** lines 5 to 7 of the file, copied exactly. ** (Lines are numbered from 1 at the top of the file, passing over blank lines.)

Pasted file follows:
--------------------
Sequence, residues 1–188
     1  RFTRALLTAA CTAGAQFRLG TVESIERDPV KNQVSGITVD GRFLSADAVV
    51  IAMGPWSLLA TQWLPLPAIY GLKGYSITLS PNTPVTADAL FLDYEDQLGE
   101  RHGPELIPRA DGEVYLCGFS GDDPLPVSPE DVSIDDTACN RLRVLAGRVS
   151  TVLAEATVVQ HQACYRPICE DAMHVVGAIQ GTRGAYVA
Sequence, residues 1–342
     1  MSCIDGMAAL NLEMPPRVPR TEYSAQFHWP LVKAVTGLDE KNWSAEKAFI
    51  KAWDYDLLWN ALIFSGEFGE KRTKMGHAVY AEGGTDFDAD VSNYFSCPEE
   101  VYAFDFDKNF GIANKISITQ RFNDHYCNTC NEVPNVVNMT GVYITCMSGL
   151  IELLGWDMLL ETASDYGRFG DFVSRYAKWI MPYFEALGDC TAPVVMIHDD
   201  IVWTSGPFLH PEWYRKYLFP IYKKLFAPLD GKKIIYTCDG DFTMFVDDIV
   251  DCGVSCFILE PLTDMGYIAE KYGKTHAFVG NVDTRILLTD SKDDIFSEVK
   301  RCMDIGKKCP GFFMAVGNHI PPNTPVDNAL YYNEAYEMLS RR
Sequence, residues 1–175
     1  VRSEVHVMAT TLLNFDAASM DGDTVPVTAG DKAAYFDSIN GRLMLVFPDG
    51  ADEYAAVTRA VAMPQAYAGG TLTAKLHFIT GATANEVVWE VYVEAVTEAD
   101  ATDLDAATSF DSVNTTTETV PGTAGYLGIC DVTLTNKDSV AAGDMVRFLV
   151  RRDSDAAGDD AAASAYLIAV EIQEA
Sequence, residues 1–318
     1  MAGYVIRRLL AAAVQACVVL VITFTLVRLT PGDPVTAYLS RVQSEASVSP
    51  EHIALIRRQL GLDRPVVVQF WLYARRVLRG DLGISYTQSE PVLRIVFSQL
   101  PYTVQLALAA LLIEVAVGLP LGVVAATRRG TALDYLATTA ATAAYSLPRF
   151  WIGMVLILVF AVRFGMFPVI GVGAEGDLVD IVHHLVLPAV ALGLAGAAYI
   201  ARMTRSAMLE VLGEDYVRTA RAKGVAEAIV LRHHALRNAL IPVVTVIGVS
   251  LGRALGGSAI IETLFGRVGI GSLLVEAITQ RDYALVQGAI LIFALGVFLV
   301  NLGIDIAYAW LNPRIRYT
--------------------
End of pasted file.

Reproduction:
   151  TVLAEATVVQ HQACYRPICE DAMHVVGAIQ GTRGAYVA
Sequence, residues 1–342
     1  MSCIDGMAAL NLEMPPRVPR TEYSAQFHWP LVKAVTGLDE KNWSAEKAFI